The bishop is the legitimate superior of diocesan priests and diocesan hermits, for instance, because a qualified but undiminished expression of Christian freedom which is spelled out in both canon and proper law (e.g., the hermit's Rule) and which each has publicly embraced in either the rite of ordination or religious profession, exists between them. It is together that they will do the will of God within a specifically ecclesial vocation. Because there is no carefully delimited and mutually defined relationship where rights and obligations are similarly spelled out (in Rule and/or Constitutions) and embraced via public rite, the bishop is not the legitimate superior of lay members of the diocese and is not owed "canonical (or religious) obedience", nor should he be. This is so because such carefully limited and explicitly defined public relationships do not come to be through baptism alone, not even when entirely private vows are added to the mix.

 To summarize the point here then, one cannot simply pretend to be bound to religious or canonical obedience in this way by referring either to the common obedience owed to one's bishop or to a host of laws one neither understands      and which do not even apply to their lives. These members have the right and obligation to honor Christian Freedom in any way they discern in good conscience and so long as they do not transgress into areas of the Church which bring them under the direct purview of the bishop's authority, they are obligated to do so without the permission of the bishop or someone he delegates to oversee their activity. They have an obligation to submit their own wills to Christ's but neither is this is canonical obedience because these persons are NOT canonically vowed to the specific expression of Christian freedom and responsibility associated with public profession. To call it canonical obedience is analogous to calling a year of some sort of initial formation in a non-canonical community a "canonical year".  In either case this usage is mistaken and literally incoherent.

The Relevancy of Canon 603:

Ms Joan McClure, the author of the position being discussed here and a privately vowed hermit and (vocationally as well as hierarchically speaking) a lay member of the Archdiocese of Seattle, does not owe Archbishop Sartain "canonical obedience" and I am sure he would be the first person to explain to her that she does not. Ms McClure also wrote about my response regarding "canonical obedience": [[ If we get upset over desire to obey laws of the land and laws of the Church, or laws of God especially--this upset is an example of not letting Christ's peace control our hearts.  I do not think the person who was upset by my mention in my professed eremitic vows to include canonical obedience fully understood but rather got the meaning and intent confused with canonical approval of hermits by one's specific diocese bishops according to Canon Law 603. ]]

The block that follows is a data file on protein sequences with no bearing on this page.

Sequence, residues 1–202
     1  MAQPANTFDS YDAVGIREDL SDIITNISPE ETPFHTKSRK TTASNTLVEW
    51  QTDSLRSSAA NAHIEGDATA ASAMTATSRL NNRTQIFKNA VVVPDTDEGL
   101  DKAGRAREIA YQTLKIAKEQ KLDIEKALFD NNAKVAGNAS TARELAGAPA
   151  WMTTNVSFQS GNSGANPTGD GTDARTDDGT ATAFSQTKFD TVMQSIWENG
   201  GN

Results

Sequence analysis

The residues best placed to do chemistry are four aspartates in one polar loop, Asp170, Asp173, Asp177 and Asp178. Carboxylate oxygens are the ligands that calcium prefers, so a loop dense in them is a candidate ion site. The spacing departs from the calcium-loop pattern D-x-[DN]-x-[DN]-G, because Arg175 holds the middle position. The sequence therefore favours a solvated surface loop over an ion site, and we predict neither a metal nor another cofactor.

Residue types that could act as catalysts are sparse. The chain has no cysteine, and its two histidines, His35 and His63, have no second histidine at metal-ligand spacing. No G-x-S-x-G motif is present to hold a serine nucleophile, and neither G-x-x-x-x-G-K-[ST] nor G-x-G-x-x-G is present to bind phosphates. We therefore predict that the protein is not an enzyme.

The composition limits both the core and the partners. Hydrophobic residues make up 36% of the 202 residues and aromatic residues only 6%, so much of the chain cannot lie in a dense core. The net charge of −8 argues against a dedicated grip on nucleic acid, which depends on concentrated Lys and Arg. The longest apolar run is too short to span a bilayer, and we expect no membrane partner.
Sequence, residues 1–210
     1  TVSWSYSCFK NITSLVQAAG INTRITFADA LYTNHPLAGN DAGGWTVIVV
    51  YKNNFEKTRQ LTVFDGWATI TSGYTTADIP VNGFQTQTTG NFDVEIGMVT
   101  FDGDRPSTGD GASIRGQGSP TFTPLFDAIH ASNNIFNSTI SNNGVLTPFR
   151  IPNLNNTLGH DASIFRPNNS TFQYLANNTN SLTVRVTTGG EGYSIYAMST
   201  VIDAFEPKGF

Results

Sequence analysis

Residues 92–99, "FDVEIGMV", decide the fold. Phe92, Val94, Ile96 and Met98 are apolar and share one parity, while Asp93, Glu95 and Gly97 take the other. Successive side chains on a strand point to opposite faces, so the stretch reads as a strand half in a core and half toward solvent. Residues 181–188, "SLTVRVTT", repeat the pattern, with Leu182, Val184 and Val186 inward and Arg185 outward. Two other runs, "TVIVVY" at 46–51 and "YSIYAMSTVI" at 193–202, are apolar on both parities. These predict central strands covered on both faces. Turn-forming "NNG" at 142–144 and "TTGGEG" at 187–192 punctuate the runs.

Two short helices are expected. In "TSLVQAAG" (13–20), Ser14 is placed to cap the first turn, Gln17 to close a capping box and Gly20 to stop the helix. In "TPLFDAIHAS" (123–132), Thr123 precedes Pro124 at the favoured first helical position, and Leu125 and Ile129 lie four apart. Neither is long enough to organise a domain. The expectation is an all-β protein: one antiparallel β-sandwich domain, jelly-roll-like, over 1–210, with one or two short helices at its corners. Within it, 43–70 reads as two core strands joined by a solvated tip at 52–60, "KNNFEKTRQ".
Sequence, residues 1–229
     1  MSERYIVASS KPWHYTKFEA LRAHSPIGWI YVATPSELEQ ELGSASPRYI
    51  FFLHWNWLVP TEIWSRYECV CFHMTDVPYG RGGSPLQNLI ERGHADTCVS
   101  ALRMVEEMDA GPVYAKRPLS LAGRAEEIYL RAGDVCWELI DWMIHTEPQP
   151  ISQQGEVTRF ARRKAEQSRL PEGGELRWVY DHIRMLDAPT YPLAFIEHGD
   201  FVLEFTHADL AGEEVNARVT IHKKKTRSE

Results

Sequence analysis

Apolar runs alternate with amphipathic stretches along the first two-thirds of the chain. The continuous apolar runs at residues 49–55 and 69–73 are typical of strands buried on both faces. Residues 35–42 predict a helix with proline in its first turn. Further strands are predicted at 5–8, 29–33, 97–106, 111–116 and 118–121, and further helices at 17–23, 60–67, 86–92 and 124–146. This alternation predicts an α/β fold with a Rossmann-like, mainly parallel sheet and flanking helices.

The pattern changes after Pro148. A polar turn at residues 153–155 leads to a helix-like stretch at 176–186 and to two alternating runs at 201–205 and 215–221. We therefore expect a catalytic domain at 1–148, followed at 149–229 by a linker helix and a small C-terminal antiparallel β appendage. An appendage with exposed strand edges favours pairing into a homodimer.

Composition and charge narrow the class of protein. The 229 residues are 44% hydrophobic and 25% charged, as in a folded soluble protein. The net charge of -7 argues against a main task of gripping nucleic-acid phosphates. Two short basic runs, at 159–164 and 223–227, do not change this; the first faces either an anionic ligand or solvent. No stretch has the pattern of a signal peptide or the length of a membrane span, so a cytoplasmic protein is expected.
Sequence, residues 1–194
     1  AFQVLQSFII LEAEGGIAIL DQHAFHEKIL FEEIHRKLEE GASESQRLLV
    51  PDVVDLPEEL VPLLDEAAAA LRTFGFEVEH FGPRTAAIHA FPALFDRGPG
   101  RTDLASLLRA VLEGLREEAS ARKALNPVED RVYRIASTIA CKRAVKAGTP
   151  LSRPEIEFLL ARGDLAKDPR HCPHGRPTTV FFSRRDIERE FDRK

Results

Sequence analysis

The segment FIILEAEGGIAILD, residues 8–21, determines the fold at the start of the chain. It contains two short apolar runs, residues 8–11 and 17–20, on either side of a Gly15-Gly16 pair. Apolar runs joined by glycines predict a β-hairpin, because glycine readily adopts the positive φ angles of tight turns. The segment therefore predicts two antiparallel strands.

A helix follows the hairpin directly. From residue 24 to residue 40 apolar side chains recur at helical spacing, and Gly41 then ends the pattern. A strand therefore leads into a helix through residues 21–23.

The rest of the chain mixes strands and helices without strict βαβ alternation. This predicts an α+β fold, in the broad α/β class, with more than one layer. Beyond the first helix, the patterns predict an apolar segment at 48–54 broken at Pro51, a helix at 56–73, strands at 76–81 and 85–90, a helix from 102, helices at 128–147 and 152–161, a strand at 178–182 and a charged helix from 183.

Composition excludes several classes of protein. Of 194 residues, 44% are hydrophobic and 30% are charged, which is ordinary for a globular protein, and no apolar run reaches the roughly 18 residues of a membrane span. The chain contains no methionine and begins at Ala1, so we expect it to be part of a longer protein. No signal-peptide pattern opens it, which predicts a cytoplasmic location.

The Church's own position on the difference between public profession (which includes a canonical vow of obedience) and private dedication and vows is clear: the first involves additional canonical rights and obligations beyond those granted with baptism, the other does not; the first thus means the individual embraces canonical or religious obedience, the other does not; the first means that the person so professed acquires certain legitimate (canonical) rights and obligations which play a part in publicly defining the person's life and Freedom (ecclesially approved Rule, legitimate superior(s), etc.), the other does not. Profession under Canon 603 (or profession under the canons applying to religious life more generally) are specific instances of these general distinctions. Both differ from the private dedication of the lay or clerical hermit in all of the ways just listed, but canon 603 professions are particularly illustrative of these distinctions. Thus, when a Bishop admits an individual to canonical profession under canon 603 he admits the person to an ecclesial vocation which further specifies the way their freedom must be lived out  and he does so on behalf of the entire Church, not as an instance of his own private desires or individual eccentricity.

 In such an act the subject making their profession becomes a "Hermit of the Diocese of x_________" and they do so not merely because they are a hermit living in that diocese but because they represent the eremitical life in the name of both the local and the universal Church. With private vows --- which, again, do not rise to the level of profession as the Church understands this term --- the hermit involved does not become a "Hermit of the Diocese of x____" and is not bound to canonical obedience despite the fact that she may live eremitical life in that diocese. It is too bad some with private vows feel a need to conflate these with canonical vows. It is always important that those with canonical vows do not embrace a notion of superiority vs inferiority when comparing public profession to private dedication, but at the same time it is crucially important that those who are privately dedicated do not mislead or confuse by misapplying terms like "canonical" when characterizing their own vow of obedience, etc. This is a source of serious confusion and does not serve the Church or the differing expressions of the eremitical life particularly well.